Over the weekend, Carmelo Anthony, scorer-in-chief for the New York Knicks, told reporters that he “wasn’t going to have to lead the league in scoring this year,” and kind of sort of implied that he wasn’t going to be shooting as much as he had in years past, citing a “balanced” offensive style.
If your first reaction to this statement is something along the lines of polite disbelief, you’re not alone. Anthony offers up a variation of this every year — as ESPN notes, he said as much in 2013, the year he won the scoring title — but the fact remains that he’s taken about 20 shots per game in the regular season and a few more per game in the playoffs for almost his entire career, and at a certain point, a leopard can’t change its spots. That’s not necessarily a bad thing, of course, but it is an illumination of a player saying what’s expected of him, rather than the reality of the situation.
Carmelo’s hardly the only athlete to say one thing and then do another. For every Ron Rivera, the Carolina Panthers coach who was criticized for being too conservative on fourth downs and promptly reinvented himself as “Riverboat Ron,” there’s another who remains entrenched in his ways. We give a shout-out to Mike Woodson, most recently of the Knicks, here, for winning 54 games with an optimal roster discovered through injury in 2012 and his utter refusal to try and replicate his successes with that last season. Woodson was never comfortable with the two point guard, Anthony at power forward position lineup, and fought it to disastrous results.
Then there are the sports personalities who simply can’t change their ways off the field or court and continue to find themselves in trouble. Here’s a look at some sports figures who just can’t help themselves. Also, a special mention to Kobe Bryant, who’s at least had the presence of mind throughout his career to stick to his guns and be exactly who he is. He might never have been the best player on any of those championship teams, but he was always one of the most consistent.
Jim Irsay, owner of the Indianapolis Colts
When Jim Irsay got arrested for a DUI back in March, it was the icing on a cake that had seen Irsay investigated for the potential abuse of prescription painkillers over the last two decades, the first incident coming in 1995, according to an excellent ESPN The Magazine longform piece that goes into exhaustive detail about the Colts owner’s struggles and emotional difficulties. We’re not throwing any shade at Irsay in regards to his substance abuse, by the way — just pointing out that statements like “I have successfully dealt with my dependence and my chronic pain issues” are probably not entirely accurate.
Josh Gordon, wide receiver for the Cleveland Browns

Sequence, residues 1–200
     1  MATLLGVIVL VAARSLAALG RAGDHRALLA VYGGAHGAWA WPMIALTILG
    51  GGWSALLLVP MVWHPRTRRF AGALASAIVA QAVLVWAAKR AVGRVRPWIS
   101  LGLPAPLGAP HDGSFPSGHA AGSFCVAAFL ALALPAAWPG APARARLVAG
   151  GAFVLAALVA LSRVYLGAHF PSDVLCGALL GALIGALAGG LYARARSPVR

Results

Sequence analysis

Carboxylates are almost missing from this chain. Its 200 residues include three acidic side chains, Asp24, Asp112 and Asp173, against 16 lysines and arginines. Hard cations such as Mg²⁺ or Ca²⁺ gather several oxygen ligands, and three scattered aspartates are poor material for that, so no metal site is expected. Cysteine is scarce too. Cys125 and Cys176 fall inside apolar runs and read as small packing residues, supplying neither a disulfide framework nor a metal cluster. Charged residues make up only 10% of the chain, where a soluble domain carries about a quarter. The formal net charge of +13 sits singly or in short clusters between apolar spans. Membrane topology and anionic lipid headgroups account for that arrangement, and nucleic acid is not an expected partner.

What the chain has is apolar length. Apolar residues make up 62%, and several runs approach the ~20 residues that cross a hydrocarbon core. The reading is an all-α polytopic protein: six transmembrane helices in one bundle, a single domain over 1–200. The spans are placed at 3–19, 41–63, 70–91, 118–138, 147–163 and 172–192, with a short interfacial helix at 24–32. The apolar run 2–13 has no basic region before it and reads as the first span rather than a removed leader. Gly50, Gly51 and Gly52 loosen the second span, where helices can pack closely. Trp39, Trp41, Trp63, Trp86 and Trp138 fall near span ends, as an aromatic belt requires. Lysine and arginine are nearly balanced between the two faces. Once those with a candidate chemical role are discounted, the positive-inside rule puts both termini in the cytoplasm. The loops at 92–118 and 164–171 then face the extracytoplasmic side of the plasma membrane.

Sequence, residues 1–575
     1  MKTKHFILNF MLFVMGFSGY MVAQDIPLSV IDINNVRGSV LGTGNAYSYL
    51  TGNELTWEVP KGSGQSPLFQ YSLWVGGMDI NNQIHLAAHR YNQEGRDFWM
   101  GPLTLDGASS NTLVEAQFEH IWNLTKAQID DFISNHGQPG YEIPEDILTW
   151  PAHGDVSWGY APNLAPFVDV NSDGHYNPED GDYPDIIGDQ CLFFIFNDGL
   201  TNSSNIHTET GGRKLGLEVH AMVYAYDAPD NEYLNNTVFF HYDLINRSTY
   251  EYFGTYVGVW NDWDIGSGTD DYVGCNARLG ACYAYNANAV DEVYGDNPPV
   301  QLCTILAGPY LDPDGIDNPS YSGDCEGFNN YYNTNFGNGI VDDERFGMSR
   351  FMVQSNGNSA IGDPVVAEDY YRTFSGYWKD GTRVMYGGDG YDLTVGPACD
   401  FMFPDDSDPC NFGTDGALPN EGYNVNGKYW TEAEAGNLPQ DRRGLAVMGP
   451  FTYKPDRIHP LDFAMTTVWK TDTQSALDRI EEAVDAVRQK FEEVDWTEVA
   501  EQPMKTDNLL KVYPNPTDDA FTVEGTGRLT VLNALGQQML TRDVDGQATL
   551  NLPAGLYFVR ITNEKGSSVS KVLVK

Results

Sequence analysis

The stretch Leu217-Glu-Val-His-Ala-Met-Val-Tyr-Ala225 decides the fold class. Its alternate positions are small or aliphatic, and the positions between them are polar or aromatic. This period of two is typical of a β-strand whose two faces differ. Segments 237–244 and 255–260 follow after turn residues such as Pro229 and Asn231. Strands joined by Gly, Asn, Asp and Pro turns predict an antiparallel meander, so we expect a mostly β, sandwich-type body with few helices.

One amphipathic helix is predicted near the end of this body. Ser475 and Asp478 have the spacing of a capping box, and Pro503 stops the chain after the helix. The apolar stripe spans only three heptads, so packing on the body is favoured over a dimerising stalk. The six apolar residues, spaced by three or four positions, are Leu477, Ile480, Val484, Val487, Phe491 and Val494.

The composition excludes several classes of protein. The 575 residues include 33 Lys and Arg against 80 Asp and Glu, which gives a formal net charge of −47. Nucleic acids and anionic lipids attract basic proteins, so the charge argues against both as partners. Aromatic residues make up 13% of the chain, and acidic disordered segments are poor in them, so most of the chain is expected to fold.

Same song, second verse, as it were. We’re not making light of Josh Gordon’s difficulties, such as they are — just pointing out that his inability to pass an NFL drug test, literally the only thing standing between him and his gainful employment in the league, is verging on the absurd, particularly in light of the claims that his current situation “doesn’t sit well with him.” We’ve got no real problem with anyone that wants to smoke pot, but come on, it can’t be that hard to beat a drug test.
Tyrone Corbin, former Utah Jazz coach
The last three years of Utah Jazz basketball can be categorized, generally, as “not very good.” While this is not former head coach Tyrone Corbin’s fault explicitly, each year following the departure of Jerry Sloan and Deron Williams has been categorized by Corbin focusing on the development of his younger players, not really giving those players an opportunity to develop on the basketball court, and then talking about how their sub par play was kind of to be expected because this was a development year and “they knew where they were” in the rebuilding process. Click on this: It’s a takeaway from a Corbin press conference, and it could’ve been taken during any of the three years he was head coach.
Ndamukong Suh, Detroit Lions defensive tackle
“It obviously tainted me and given me a bad rep, and well deserved in that instance,” Ndamukong Suh told ESPN in 2013. “But I don’t think one moment in somebody’s life is going to define them. I vowed, not only to myself personally but my family and to my teammates and coaches, not to have that happen again and not have situations like that that is going to hurt them or make them feel that they couldn’t be proud of me or want me as a teammate.”
Suffice it to say that while Suh has yet to stomp on anyone else so overtly, he’s still getting involved in fine-worthy activities on the field a year later. We’re actually on his side here — most of our relation to the 2013 Detroit Lions was watching Megatron highlights and sympathizing with how much Suh’s bad reputation was costing him — but where there’s smoke, there’s fire, you know?